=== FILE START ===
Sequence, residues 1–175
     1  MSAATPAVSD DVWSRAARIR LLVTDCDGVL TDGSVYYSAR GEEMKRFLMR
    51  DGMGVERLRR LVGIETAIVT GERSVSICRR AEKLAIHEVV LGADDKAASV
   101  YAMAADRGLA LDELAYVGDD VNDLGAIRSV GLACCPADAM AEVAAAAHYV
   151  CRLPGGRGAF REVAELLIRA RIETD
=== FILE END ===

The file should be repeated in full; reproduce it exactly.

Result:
Sequence, residues 1–175
     1  MSAATPAVSD DVWSRAARIR LLVTDCDGVL TDGSVYYSAR GEEMKRFLMR
    51  DGMGVERLRR LVGIETAIVT GERSVSICRR AEKLAIHEVV LGADDKAASV
   101  YAMAADRGLA LDELAYVGDD VNDLGAIRSV GLACCPADAM AEVAAAAHYV
   151  CRLPGGRGAF REVAELLIRA RIETD